Given the limited frequency response of his equipment, Sender's comment about helping students is an obvious joke. In my mind, however, it is an admirable goal. The students probably didn't really want to listen to the Ring in the first place. I say hooray for audio Cliff's notes.
Sender is also careful to say he did this only with "a Wagner opera" not with the entire Ring. My best guess is that reducing the Ring of the Nibelung to four clicks, as reported in that book I read, was always a concept. Sender's conceptual piece is easy to imagine and very communicative artistically, but at that time it was probably not worth the energy to turn it into actual audio.
As you can well imagine, I really like Ramon Sender's idea of compressing the Ring until it simply evaporates into a whiff of meaningless noise. The problem of Wagner's excessively long music is solved.
THE ENTIRE RING IN FOUR CLICKS
In the sixties creative forward-looking musicians worked with early analog tape recorders and even earlier analog synthesizers and dreamed of an entirely new type of music. In nearly every respect the music they dreamed up was completely unlike Wagner.
They were inspired by the new electronic tools at their disposal. Maybe in their wildest, wildest dreams they imagined analog equipment would someday be supplanted by digital devices. Could they have imagined that digital technology would become so ubiquitous and so portable and so powerful that anyone could accomplish the most complex audio editing almost anywhere. If they did imagine that, then they probably didn't believe they'd live to see the day. Turns out, they did.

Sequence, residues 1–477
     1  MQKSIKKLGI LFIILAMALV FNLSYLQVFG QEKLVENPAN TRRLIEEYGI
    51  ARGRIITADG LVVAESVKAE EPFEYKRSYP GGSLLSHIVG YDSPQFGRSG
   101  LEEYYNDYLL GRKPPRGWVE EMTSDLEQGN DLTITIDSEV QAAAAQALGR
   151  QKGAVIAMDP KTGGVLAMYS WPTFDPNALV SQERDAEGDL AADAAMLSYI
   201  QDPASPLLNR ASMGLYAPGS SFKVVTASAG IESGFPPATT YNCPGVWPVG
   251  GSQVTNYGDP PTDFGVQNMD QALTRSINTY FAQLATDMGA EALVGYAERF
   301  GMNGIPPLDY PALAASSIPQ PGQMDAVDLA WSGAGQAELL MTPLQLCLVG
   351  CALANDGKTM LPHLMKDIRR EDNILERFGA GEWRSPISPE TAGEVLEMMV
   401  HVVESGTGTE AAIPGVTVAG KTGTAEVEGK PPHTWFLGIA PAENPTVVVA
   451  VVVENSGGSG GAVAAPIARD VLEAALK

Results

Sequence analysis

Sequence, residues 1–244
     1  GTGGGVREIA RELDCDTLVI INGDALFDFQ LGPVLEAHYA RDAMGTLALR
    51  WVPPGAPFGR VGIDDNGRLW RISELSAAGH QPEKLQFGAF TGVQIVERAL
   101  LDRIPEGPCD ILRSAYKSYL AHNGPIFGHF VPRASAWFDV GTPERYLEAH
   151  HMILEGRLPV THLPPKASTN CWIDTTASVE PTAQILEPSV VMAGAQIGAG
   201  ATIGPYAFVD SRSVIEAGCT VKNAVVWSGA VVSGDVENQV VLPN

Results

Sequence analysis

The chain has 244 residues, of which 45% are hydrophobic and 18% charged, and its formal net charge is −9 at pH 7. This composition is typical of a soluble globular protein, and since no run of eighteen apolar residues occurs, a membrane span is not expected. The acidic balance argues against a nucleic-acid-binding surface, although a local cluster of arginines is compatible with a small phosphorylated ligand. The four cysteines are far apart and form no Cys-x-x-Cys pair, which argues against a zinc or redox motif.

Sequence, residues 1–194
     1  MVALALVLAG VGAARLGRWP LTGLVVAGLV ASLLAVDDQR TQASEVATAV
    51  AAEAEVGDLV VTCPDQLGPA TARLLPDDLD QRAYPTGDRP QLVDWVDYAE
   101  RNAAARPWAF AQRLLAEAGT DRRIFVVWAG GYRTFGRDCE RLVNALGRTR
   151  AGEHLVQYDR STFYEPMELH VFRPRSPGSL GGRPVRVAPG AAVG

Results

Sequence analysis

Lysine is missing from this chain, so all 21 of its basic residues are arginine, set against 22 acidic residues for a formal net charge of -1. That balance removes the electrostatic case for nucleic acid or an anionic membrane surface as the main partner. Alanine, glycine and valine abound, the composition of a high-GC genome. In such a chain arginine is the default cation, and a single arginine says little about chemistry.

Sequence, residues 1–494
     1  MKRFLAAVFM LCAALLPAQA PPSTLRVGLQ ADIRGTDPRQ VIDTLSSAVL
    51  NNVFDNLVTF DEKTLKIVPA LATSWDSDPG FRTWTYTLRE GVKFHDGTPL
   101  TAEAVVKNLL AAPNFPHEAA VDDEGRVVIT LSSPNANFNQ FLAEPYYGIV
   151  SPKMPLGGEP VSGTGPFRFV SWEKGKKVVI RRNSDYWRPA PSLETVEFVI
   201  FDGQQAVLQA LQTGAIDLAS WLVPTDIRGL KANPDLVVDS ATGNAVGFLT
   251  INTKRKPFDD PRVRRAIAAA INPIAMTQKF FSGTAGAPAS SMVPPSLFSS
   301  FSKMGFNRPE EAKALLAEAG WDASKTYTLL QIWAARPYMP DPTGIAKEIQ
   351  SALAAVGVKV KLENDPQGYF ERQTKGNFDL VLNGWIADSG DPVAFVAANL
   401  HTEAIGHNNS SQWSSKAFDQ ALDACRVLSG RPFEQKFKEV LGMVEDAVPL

In 2010 speeding up the entire Ring until it becomes four quick clicks is a rather trivial exercise. I did it - and so could you - using the free program Audacity (highly recommended). I repeatedly doubled the speed of each opera. Just as with an analog tape machine, each doubling halves the length of the music and doubles the frequency, raising the pitch by one octave. After about six octaves all resemblance to the original music disappears and only noise created by the inherent limitations of the equipment remains.
I repeated this process sixteen times. The final length is 1/1024th of the original. Each opera lasts about a quarter of a second. You'll be able to hear all four clicks in one second. Theoretically the notes are sixteen octaves higher than the original. With perfect fidelity the lowest audible frequency would have been transformed to over a half million cycles per second. That is in the range of AM radio. In reality nothing of Wagner remains. Instead of a time-saving subliminal way listen to Wagner, this process has simply removed all the content from his music. Another problem solved.